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About Global Governance & Human Biotechnology


Several important international bodies have adopted human biotechnology policies, though most regulation takes place at the national level.

International organizations have taken strong stands to prevent human reproductive cloning and inheritable genetic modification. The Council of Europe's Convention on Human Rights and Biomedicine (1997)—the most authoritative international agreement to date—bans inheritable genetic modification, human reproductive cloning, and research cloning while also regulating other human biotechnologies.

UNESCO, the European Parliament, the Group of Eight industrial nations, the World Health Assembly, and the United Nations have also adopted various prohibitions on human reproductive cloning.



Stocking the Genetic Supermarket: Reproductive Genetic Technologies and Collective Action Problemsby Chris Gyngell and Thomas DouglasWiley Online LibraryApril 10th, 2014Reproductive genetic technologies targeting non-medical traits could lead to collective action problems. Does this risk justify state intervention in the genetic supermarket?
Hacking Your DNAby David Ewing DuncanNewsweekMarch 12th, 2014Imagine a future when Big Data has access not only to your shopping habits, but also to your DNA and other deeply personal data collected about our bodies and behavior. What will the government and others do with that data?
Global Genomic Data-Sharing Effort Kicks Offby Ewen CallawayNatureMarch 6th, 2014The number of sequenced human genomes will soon jump from the thousands to the millions. A coalition of researchers, funders and businesses aims to facilitate the exchange of genomic data.
Genetically Modified Babiesby Marcy DarnovskyThe New York TimesFebruary 23rd, 2014An advisory committee of the Food and Drug Administration is set to consider radical biological procedures that, if successful, would produce genetically modified human beings. This is a dangerous step.
Letter Signed by Hundreds Sent to the FDA: Preserve the global consensus against human germline modificationby Jessica CussinsBiopolitical TimesFebruary 19th, 2014A sign-on letter prepared by the Center for Genetics and Society and the International Center for Technology Assessment has been sent to the FDA in anticipation of next week's discussion of a form of human germline modification.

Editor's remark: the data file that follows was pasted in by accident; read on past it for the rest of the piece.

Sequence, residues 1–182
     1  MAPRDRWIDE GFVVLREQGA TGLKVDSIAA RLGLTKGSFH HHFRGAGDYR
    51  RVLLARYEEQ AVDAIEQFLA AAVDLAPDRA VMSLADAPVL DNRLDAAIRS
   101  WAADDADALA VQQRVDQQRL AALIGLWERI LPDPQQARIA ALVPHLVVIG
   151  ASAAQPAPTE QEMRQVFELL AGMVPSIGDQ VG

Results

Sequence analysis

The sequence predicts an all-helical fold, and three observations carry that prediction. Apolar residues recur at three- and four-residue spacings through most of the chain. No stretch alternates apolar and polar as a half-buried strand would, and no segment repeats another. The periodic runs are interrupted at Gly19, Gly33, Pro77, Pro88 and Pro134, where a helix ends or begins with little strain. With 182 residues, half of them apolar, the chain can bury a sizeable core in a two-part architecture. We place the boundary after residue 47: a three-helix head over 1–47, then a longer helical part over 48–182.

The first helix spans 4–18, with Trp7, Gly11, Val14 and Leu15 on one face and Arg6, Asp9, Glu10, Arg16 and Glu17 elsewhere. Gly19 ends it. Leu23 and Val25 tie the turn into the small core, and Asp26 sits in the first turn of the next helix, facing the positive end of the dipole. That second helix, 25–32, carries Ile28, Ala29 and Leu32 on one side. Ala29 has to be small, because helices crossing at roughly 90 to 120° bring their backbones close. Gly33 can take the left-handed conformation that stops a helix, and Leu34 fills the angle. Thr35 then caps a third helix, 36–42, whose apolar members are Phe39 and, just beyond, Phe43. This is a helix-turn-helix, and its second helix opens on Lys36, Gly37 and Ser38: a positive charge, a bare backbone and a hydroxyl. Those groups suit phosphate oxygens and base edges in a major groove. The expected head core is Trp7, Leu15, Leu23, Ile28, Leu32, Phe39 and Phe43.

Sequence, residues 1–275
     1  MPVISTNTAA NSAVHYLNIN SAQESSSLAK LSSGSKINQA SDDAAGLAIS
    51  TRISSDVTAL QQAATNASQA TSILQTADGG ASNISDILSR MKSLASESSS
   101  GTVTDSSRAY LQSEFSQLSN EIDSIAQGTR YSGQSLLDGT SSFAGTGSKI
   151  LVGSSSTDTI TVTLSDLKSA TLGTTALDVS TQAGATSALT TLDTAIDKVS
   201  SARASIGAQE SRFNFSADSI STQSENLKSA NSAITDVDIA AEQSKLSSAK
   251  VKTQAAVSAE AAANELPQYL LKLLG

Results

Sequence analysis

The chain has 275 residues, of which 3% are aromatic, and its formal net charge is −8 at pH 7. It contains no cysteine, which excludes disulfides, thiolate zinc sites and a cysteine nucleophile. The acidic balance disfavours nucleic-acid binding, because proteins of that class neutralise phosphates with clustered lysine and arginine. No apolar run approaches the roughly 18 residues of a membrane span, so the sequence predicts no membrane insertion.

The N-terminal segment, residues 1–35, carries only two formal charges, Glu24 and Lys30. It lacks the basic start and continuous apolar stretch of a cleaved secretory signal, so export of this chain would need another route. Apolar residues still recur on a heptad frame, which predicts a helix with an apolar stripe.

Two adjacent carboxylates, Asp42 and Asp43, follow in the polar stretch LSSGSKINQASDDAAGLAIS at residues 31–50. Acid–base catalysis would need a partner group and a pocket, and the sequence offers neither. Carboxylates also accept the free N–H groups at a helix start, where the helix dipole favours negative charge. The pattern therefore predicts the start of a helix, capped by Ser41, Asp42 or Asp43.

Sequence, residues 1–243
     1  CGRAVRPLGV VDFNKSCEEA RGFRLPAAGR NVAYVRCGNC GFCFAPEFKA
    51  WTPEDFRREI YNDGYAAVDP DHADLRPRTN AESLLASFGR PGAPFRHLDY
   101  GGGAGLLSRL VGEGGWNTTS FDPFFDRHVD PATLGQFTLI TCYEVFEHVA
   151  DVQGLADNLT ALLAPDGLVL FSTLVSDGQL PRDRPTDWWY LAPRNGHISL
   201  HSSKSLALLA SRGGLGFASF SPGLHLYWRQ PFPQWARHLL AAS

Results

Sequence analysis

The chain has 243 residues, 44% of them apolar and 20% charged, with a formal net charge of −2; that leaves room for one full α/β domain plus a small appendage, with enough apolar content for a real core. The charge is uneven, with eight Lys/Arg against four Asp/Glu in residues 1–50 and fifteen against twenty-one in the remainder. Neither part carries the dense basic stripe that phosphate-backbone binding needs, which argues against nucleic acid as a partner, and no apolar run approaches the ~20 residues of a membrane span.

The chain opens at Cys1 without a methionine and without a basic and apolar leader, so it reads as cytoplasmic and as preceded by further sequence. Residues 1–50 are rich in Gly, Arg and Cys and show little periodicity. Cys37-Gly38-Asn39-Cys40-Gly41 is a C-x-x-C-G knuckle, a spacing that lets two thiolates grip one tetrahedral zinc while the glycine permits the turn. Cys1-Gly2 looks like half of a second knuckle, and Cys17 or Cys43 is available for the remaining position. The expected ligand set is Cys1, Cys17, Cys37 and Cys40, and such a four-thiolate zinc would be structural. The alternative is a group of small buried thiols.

What are the Best Interests of the Child in International Surrogacy?by Professor Eric Blyth, Dr Marilyn Crawshaw and Professor Olga van den AkkerBioNewsFebruary 17th, 2014As the surrogacy industry grows, so too do calls for a loosening of international and domestic restraints. A consequence of this is the potential marginalization of the best interests of children.
Are STAP Stem Cells a Paradigm Changer? Hopes and Fearsby Pete ShanksBiopolitical TimesFebruary 6th, 2014Two papers published in Nature on January 30 describe a new and remarkably simple technique for generating cells that can, like embryonic stem cells, develop into many different kinds of cells.
CGS Letter to the FDA on Mitochondrial TransferThe Center for Genetics and Society's letter regarding the FDA's February 25-26 public meeting to discuss the advisability of a technique that would modify the human germline.
Gene doping: Sport's biggest battle? by Tim FranksBBC NewsJanuary 11th, 2014Gene doping may already be happening, but testing authorities are reluctant to discuss the specifics, and some researchers see ethical issues in withholding treatments.
How Many Donor Offspring are Really Out There?by Wendy KramerMediumDecember 23rd, 2013The media and the reproductive industry’s "experts" should not be using patently erroneous figures. There is no reliable method of assessing how many children are conceived via gamete donation each year.
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